Vincent Paronnaud et Marjane Satrapi • Directors
by Domenico La Porta
03/09/2011 - After the dazzling success of Persepolis [trailer, film focus], Vincent Paronnaud and Marjane Satrapi were the focus of attention from the press, eager to discover Chicken With Plums [trailer], the latest adaptation of one of their comic books. In attendance at the 68th Venice International Film Festival where the film screened in avant-premiere, the duo looked back at the process of adaptation from still drawing to the magic of the screen.
What was your initial intention in making Chicken With Plums?
Vincent Paronnaud: We wanted to pay homage to the cinema of the 1950s, but we had no real limits with respect to an aesthetic or a particular genre. First and foremost it was about telling a love story, but also talking about the loss of love, about breaking away from the instrument and from music... We then had to find clever ways to achieve our aims.
Marjane Satrapi: It’s a cry of love for Cinema, but also a cry of love for love. It’s important to make art for art’s sake from time to time.
Why did you change the instrument by replacing the tar in the comic book with a violin?
Marjane Satrapi: The tar works very well in the book, but it didn’t work on screen. The instrument was too big and too oriental so we chose to replace it with the violin which can be found everywhere, among the gypsy community or in symphony orchestras on the other side of the world. It’s an international instrument. It also enables the character to move around, which is important when the images are animated.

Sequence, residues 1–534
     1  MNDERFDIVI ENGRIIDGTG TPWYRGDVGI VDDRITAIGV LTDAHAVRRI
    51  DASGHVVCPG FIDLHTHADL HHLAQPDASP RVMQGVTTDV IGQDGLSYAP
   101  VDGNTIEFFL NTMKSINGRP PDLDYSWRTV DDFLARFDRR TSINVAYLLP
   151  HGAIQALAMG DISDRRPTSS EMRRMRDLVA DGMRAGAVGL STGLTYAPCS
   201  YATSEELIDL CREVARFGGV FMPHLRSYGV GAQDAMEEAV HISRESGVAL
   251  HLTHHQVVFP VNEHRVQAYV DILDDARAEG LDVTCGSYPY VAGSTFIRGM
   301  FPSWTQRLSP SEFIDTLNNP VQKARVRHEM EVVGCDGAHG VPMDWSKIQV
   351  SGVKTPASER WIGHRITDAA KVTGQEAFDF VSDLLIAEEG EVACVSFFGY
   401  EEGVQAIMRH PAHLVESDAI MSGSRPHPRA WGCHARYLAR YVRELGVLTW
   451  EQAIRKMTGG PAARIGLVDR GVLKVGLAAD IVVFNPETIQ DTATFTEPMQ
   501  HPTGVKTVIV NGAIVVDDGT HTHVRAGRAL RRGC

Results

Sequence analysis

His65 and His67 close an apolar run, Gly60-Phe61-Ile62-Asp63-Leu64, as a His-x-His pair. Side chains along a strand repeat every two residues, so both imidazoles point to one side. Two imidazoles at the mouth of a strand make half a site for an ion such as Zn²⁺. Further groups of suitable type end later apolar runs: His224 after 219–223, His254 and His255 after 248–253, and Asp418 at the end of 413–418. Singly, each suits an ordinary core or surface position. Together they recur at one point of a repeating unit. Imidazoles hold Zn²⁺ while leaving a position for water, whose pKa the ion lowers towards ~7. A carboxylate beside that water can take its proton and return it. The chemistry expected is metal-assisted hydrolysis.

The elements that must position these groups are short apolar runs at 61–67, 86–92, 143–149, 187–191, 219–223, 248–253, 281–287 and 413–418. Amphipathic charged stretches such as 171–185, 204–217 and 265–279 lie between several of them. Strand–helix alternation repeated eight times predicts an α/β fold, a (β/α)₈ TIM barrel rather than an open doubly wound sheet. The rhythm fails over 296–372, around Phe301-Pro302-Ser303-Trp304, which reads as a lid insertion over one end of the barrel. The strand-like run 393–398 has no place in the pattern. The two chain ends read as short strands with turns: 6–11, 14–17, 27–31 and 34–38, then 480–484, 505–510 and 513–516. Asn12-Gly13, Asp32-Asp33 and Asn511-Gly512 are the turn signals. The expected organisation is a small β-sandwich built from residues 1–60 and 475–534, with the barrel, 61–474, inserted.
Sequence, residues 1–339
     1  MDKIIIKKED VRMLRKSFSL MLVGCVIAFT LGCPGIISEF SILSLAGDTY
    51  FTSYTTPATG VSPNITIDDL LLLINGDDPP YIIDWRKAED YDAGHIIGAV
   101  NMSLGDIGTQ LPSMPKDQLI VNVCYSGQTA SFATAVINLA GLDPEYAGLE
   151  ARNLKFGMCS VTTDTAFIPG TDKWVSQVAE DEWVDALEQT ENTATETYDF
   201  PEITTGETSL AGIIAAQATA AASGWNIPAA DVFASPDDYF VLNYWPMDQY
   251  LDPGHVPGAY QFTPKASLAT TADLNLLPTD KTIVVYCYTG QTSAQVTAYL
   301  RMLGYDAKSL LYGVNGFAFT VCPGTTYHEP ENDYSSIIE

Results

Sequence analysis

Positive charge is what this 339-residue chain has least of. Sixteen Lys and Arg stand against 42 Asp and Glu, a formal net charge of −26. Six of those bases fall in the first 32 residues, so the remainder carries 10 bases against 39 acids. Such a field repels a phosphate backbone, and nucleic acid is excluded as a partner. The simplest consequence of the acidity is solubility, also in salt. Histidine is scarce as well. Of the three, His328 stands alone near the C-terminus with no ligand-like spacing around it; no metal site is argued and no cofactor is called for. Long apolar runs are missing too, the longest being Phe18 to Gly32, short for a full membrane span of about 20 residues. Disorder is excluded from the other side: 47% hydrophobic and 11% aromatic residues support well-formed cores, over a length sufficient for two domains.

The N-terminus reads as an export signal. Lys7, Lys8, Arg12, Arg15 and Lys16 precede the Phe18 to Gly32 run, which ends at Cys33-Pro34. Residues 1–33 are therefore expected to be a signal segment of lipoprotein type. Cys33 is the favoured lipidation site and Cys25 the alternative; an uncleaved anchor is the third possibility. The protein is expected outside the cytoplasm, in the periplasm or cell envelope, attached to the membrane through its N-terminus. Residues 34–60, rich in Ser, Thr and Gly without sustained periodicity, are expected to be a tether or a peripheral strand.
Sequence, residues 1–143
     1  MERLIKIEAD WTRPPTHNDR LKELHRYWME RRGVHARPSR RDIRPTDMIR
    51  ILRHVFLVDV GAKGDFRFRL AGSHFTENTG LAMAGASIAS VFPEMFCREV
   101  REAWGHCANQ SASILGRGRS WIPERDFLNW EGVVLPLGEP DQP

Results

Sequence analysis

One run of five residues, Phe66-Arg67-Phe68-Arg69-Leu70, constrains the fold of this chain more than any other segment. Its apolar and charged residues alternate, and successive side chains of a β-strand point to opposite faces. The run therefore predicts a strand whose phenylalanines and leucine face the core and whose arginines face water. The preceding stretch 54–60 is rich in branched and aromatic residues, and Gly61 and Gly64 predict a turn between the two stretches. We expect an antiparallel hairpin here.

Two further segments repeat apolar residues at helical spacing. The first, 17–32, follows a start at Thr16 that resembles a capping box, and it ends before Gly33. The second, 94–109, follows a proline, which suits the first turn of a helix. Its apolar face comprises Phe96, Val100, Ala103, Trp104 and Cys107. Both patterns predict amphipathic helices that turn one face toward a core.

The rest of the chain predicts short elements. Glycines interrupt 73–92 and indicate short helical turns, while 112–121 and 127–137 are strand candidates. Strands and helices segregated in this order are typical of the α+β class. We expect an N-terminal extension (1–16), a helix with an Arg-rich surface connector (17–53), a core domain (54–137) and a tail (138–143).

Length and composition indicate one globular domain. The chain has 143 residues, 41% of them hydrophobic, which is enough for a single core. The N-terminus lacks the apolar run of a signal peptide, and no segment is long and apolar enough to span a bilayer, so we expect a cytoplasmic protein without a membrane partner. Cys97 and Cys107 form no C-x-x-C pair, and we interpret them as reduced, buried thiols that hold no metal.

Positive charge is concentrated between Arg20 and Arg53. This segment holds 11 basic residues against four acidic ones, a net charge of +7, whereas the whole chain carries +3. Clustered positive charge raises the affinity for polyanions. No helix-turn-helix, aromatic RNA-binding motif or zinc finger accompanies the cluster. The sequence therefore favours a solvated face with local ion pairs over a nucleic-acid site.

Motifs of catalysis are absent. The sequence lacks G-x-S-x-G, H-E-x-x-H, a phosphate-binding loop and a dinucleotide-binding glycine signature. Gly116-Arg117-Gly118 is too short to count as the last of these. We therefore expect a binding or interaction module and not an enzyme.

Will you return to animated cartoons?
Marjane Satrapi: Only time will tell. Up until the film’s release, we won’t know what we’re going to do next. Drawings, in one way or another, will be part of what we do anyway because that’s the world we come from. But for the moment, we don’t have the energy to imagine what comes next from an artistic point of view.
Is it a well-researched Tehran that you show in Chicken With Plums?
Marjane Satrapi: Not really, it’s a fantasy Tehran. Vincent and I don’t really like folklore. We just wanted a place which serves the story as well as possible and our approach wasn’t a documentary one.
Did you wish to tell this story as a fairy tale or as a realistic view on life?
Marjane Satrapi: There is no note of hope in the film because there is none in life. We’re all going to die and we all know it. It’s a film about desire or rather the loss of desire. The desire to eat, laugh and finally to live. In that, the point of view is very realistic, but the narrative approach is that of a fairy tale.
Vincent Paronnaud: Yes, it’s a fairy tale. The relationship with music in the film is typically a mechanism of fairy tales in which objects, ideas or concepts are embodied and the relationships with the characters. We know that the violin isn’t necessarily a poor person’s instrument. You can earn a lot of money playing the violin, but in the film, this is what it symbolises: a love and a way of life that must be relinquished in order to survive.
Didn’t your first experience with real actors scare you?
Vincent Paronnaud: I was dreading that moment. I was dubious about an actor’s work on set, but all that fascinated me. I don’t come from that world and I became aware of the process by which an actor breathes life into a character by working on their role. I witnessed that without having to take action myself by creating life from scratch. It’s very peculiar for an artist.